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Shaming & Disagreeing (Reading Notes 7.13.18)

Resource: Shameless vs. shameful


There’s a difference between shameful and shaming. Shameful is a form of behavior that ought to be criticized. Shaming is an attempt to point out shameful behavior by humiliating or ostracizing them. Correcting shameful behavior in a constructive and clear way takes guts and skill. Shaming is a mostly style without substance shortcut. If the goal is to help people learn and turn things around, we have to show enough charity to point out there shameful behavior as if we believe it’s possible for them to change.

If you race people to the bottom, you lose by losing, you lose by winning, and you lose by participating in the race at all.


On the shortcomings of shaming:

“Shaming a person is a senseless shortcut. When we say to someone, “you’re never going to amount to anything,” when we act like we want to lock them up and throw away the key, when we conflate the behavior with the human–we’ve hurt everyone. We’ve killed dreams, eliminated possibility and broken any chance for a connection. The alternative is to be really clear about which behavior crossed the line. To correct that behavior at the very same time we open the door for our fellow citizen to become the sort of person we’d like to engage with.”

How social media has changed the shaming game:

“As the media available to each of us turns just about every interaction into a worldwide, hyper-competitive conflict, there’s way too much shameless posturing and division. If you want to “win” in social media or politics, you’re no longer trying to be the class clown among twenty high school students, you’re racing to the bottom among a hundred million teenagers or candidates. Multiply that by every endeavor and you can see why there’s so much shameless posturing.”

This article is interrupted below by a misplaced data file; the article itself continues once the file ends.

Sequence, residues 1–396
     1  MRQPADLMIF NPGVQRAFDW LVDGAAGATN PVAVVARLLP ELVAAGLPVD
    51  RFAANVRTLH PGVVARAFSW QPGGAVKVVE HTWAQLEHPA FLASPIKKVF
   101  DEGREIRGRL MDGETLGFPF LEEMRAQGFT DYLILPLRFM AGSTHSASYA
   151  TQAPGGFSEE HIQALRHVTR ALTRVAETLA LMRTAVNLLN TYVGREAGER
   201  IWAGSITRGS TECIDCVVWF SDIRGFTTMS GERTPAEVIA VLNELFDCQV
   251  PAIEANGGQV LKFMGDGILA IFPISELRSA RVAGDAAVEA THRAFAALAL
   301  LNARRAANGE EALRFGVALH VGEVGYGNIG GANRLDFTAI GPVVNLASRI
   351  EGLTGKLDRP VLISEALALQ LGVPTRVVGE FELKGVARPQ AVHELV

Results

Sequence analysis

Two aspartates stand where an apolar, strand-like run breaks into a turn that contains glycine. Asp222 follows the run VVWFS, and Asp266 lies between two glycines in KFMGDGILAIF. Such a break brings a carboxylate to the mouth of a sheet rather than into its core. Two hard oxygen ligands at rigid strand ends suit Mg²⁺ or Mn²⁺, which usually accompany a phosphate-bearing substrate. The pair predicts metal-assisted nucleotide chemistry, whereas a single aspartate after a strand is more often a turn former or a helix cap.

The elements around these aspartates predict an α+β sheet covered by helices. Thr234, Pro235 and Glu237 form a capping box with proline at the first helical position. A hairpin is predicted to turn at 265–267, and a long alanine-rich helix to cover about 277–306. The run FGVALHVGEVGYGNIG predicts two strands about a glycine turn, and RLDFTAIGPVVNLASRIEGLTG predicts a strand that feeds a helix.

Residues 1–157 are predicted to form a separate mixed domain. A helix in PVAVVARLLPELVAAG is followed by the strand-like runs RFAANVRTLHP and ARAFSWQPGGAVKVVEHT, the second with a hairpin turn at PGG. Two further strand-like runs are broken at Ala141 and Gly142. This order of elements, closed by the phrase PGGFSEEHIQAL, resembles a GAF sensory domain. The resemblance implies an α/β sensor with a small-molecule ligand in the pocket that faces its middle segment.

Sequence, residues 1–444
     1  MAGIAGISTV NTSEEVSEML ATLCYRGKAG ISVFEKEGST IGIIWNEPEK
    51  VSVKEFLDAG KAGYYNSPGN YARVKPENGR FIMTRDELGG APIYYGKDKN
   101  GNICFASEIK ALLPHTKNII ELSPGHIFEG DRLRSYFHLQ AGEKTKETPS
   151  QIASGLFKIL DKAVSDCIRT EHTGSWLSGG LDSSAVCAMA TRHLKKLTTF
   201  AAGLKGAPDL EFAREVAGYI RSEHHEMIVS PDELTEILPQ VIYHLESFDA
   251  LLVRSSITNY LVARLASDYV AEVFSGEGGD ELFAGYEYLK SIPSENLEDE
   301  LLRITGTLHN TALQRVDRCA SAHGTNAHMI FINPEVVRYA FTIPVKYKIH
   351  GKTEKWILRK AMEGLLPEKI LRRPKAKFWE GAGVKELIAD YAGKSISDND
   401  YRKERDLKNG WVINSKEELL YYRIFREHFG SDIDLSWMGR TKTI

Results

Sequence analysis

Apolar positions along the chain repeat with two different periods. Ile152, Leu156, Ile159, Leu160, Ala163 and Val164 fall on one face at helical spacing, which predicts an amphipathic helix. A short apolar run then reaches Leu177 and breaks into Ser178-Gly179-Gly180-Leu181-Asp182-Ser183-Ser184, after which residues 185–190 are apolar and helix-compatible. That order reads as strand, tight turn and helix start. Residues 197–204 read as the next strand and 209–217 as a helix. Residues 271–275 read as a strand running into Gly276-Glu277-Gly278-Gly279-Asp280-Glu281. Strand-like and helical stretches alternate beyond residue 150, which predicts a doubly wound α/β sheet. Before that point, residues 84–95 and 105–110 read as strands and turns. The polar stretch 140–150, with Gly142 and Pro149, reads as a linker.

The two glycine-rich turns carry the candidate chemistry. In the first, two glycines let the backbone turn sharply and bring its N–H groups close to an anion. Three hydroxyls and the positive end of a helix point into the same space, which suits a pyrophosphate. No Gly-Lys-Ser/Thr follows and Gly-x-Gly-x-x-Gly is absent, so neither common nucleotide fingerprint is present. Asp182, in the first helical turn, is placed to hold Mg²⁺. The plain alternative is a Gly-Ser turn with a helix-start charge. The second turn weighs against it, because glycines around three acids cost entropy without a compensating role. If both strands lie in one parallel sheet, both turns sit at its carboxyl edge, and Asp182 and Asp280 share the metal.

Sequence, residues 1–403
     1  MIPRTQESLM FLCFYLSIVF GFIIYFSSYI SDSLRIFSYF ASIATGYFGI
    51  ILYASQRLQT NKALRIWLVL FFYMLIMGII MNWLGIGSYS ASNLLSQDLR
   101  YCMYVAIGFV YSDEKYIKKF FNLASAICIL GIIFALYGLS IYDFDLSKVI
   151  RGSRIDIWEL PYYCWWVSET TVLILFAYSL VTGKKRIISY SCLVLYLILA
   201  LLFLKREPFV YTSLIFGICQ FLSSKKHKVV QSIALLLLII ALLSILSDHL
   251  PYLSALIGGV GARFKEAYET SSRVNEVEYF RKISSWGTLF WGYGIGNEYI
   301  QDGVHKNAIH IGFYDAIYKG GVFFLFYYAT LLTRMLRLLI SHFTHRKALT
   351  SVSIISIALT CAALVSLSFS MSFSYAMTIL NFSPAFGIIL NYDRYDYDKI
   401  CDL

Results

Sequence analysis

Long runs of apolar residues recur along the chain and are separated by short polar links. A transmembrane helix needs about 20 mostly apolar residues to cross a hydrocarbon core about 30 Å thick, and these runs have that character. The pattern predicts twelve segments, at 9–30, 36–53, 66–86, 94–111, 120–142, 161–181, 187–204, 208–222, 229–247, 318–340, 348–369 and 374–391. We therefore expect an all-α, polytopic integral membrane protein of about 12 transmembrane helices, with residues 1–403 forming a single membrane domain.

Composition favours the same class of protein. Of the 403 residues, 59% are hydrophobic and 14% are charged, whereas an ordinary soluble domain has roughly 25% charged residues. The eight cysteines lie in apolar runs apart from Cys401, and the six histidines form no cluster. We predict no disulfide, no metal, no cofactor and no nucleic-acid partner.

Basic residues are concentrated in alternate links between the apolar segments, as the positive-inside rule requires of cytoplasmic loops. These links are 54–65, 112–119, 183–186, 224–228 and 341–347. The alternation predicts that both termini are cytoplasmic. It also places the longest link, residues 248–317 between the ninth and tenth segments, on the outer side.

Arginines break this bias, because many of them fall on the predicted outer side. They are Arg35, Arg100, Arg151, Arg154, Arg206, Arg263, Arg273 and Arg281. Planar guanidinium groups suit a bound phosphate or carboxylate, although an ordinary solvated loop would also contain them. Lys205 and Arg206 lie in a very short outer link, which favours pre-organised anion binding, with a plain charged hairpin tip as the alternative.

“the problem with a race to the bottom is you might win. Or come in second, which is even worse.”

Resource: How to disagree


All forms of disagreement are not equal.

It’s one thing to declare “I disagree.” It’s another thing to point out a specific thing you disagree with and explain why.

The quality of your disagreement increases with your focus on the central point and your precision in using arguments to counter the specific point.

The better the quality of our disagreements, the less mean we feel we need to be. When we have a good point to make, we tend to see being mean as a distraction.


“The most obvious advantage of classifying the forms of disagreement is that it will help people to evaluate what they read. In particular, it will help them to see through intellectually dishonest arguments. An eloquent speaker or writer can give the impression of vanquishing an opponent merely by using forceful words. In fact that is probably the defining quality of a demagogue. By giving names to the different forms of disagreement, we give critical readers a pin for popping such balloons.”

“But the greatest benefit of disagreeing well is not just that it will make conversations better, but that it will make the people who have them happier. If you study conversations, you find there is a lot more meanness down in DH1 than up in DH6. You don’t have to be mean when you have a real point to make. In fact, you don’t want to. If you have something real to say, being mean just gets in the way.”

“You don’t have to be mean when you have a real point to make. In fact, you don’t want to. If you have something real to say, being mean just gets in the way.”

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